The Atlanta Journal-Constitution
Published on: 09/16/07
A tall gray man who seems hurried strides into Butch Holcombe's small antiques shop, looks around and quickly points to what looks like a very old brass bugle.
"How old is that?" the man asks. "I've got one from the Crimean War that looks just like it."
The price is $45, too cheap, in all probability, to be a real antique.
"To be honest, I don't know," Holcombe replies. "Some say it's 19th century, but I think it's more likely World War I, or it could be just a plain old fake."
The aging boomer lifts it to his lips and starts tooting, or trying to. He manages to squeeze out a few wheezy bugle calls, such as reveille and taps. And he's hooked.
"I'll give you $30," the tooter says.
Holcombe, 52, quickly consults with his wife, Anita, 53.
"It could be worth 10 times that much, but since I don't know, well, OK," he says earnestly. "I can't guarantee its age."
The gray-haired customer decides to take the gamble, and the Holcombe's do, too.
"You never know, sometimes," Butch Holcombe says. "It might not even be worth $30, but I paid more than that for it and I've had it a while. So, it's just time to move it."
That's the way it goes in the antiques business, which the Holcombe's went into a few years ago when he decided to quit his job as an machinist and she got laid off from an administrative position.
"We decided to turn our passion and hobby as artifact hunters into a way to make a living," Anita says.
But it's not their little Greybird Relics shop in the Big Shanty Antique Market in Kennesaw that pays their bills, or the Victorian jewelry, 19th century dominoes, ancient coins or Civil War bullets they sell on their Web site. It's the slick-covered, bimonthly American Digger magazine they started "on a wing and a prayer" in January 2005.
"Butch was tired of 10-hour days, I lost my job, so we just figured to give it a try," she says. The magazine has struck a chord, with 1,600 subscribers worldwide.
The magazine, bigger and thicker than the average Newsweek, is filled with pictures of historic artifacts, such as patent medicine "miracle cure" bottles, 15th century coins from eastern Europe, Victorian jewelry and relics dating from the War of 1812 to the Civil War.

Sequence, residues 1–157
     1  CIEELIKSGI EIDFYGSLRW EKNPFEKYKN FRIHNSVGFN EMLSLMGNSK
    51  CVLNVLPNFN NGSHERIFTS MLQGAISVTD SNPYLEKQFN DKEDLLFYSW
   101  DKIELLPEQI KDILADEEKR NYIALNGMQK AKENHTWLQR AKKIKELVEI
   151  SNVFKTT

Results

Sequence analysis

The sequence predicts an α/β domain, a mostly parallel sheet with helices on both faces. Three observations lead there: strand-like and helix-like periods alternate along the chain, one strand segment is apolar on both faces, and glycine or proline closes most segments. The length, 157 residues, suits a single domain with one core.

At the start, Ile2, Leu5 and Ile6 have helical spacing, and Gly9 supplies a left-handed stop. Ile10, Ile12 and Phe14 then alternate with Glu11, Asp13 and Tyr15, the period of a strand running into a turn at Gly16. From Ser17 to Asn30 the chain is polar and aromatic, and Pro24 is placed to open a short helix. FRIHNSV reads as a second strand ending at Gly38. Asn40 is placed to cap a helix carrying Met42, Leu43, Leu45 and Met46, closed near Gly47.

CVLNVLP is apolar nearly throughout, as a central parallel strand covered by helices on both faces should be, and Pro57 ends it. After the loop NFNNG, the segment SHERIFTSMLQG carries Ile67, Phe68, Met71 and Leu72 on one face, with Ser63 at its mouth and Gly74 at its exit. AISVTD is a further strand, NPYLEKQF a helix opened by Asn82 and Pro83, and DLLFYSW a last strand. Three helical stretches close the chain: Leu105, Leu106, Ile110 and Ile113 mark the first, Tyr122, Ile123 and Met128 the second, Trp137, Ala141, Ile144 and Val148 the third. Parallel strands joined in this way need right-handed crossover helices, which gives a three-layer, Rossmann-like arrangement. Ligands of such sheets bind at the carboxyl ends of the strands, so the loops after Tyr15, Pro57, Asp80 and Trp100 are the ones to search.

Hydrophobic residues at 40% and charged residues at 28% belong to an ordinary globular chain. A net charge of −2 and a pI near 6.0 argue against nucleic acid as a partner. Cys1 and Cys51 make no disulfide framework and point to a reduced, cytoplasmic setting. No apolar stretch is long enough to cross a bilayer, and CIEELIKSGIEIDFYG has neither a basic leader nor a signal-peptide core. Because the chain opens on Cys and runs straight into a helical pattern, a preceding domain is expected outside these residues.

It's also full of advertisements from companies that sell metal detectors and books for history buffs.
"We're not getting rich, but we're doing well," says Butch. "We've tapped into something out there."
The magazine's most popular feature is called "Just Dug," several pages of pictures of relics unearthed around the world, including stuff dug up around Marietta. Much of it, such as a folding mirror found by Ed Travis of Cobb County, dates from the Civil War era. Many relics are dug up by members of the North Georgia Relic Hunters Association or the Georgia Research & Recovery Club. Travis' mirror was displayed in a recent edition of American Digger.
Janet Levy, an anthropology professor at the University of North Carolina-Charlotte, says artifact hunting as a hobby goes back at least to the days of a Babylonian king 2,500 years ago.
But the hobby is exploding now in popularity in part because technology has made it easier for buried metallic objects to be found, says Randall Miller, a history professor at Saint Joseph's University in Philadelphia and an expert on popular culture.
"People are digging and hunting for relics not just on battlefields, but in old cisterns and privies, which can be gold mines for very old bottles," he says.
Miller and other academics say the magazine is tapping into the same phenomenon that has made "Antiques Roadshow" such a hit on television.
The Holcombe's, avid relic hunters for years, decided on a trip to Virginia in 2004 to try to find a way to turn "the hobby we love into a magazine to cater to people like us." Says Anita, "We didn't know we couldn't do it."
Butch learned to use graphic design software to lay out the pages, and they take the finished product to Star Printing in Acworth. They sent out magazines to relic clubs, Anita began calling metal detector companies, and they went to press for the first time about three years ago.
"It's even surprised us," Butch says. "We have subscribers in 48 states."
They send copies to U.S. warships and artifact clubs and organizations like the Federation of Metal Detector and Archaeological Clubs, the Authentic Artifact Collectors Association and the Smithsonian Institution.
"We got a Web site up right away for the magazine so other groups could link to it," Anita says. "Payment for articles includes three comp copies and a free ad if the author desires. Artifact hunters like to show off their finds."
Miller says most people interested in hunting for artifacts are in their 50s and 60s.
In New Mexico and Arizona, people look for pottery and Native American artifacts. Some folks walk beaches with metal detectors, looking for lost jewelry, and in the West, people hunt for gold and items from cowboy days, says Jerry Smith of Boom Town & Relic Hunters in Washington.
"We have unearthed rare saloon tokens, gold nuggets and solid gold one dollar pieces worth thousands of dollars," he says.
"There are magazines out there for all sorts of things," Butch Holcombe says. "Ours concentrates on things that are newly dug up. The real interest is in seeing what's just been found because it says a lot about what's still out there. And there's an awful lot.